Bullish crude oil price since the beginning of the year have raised hope of a better global fiscal performance after severe disruptions caused by COVID-19 pandemic that unsettled oil-dependent economies.
The price rise of more than 75 percent since November 2020 has been on account of major economies reopening and vaccinating their populations after the pandemic shut down factories and grounded the aviation industry in March 2020.
But with the positive sentiments associated with rise in oil price, celebration from the Nigerian economy, sadly, comes off as premature as the country’s fiscal position still remains precarious.
Analysis shows that as of today, Nigeria’s economy can attain fiscal break-even position only if oil prices climb as high as $103 per barrel.
This was attained by incorporating the current official exchange rate at N380/$1, Federal Retained Oil Revenue to Gross Oil Revenue at 37 percent, Average Daily Production of 1.7 million barrels per day (OPEC quota), the current budgeted expenditure as well as budgeted Non-Oil + Other Revenue and Unfunded Revenue at N4.6 billion and N8.9 billion, respectively.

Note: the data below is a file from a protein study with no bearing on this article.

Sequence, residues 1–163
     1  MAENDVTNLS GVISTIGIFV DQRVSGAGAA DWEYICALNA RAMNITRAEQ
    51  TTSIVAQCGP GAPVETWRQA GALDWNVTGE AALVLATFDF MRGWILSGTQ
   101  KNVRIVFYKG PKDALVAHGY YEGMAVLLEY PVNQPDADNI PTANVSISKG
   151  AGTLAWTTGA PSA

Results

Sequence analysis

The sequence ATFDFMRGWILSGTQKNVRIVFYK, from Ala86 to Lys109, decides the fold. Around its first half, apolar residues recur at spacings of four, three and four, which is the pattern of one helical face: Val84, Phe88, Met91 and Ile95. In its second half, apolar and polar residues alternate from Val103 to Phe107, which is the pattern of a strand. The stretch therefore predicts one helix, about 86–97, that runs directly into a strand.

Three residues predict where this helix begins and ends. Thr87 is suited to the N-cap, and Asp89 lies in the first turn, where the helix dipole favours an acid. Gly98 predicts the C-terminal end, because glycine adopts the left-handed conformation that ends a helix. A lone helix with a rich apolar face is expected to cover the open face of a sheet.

Over the years, the Federal Government has struggled to finance its budget mainly due to low revenues, which have been susceptible to oil price volatilities.
At year-end 2020, the Federal Government’s retained revenue was N3.94 trillion, indicating 73 percent of target of the revised N10.805 trillion 2020 budget, which reflected the effects of the COVID-19 pandemic.
This has resulted in an increasing budget deficit for the country and an increased borrowing culture by the government from both domestic and international sources.
Figures from the Debt Management Office (DMO) indicate that Nigeria’s total public debt as of December 31, 2020, was N32.915 trillion, including those for Federal and State Governments, as well as, the Federal Capital Territory. Debt stock is further projected to hit N38.68 trillion by December 2021, according to Zainab Ahmed, minister of finance, budget and national planning.
The Federal Government projects overall budget deficit to stand at N5.60 trillion for the year 2021, representing 3.93 percent of GDP.
With the planned borrowing of N4.69 trillion to finance the budget deficit, total public debt is expected to rise to N36.89 trillion by December 31, 2021.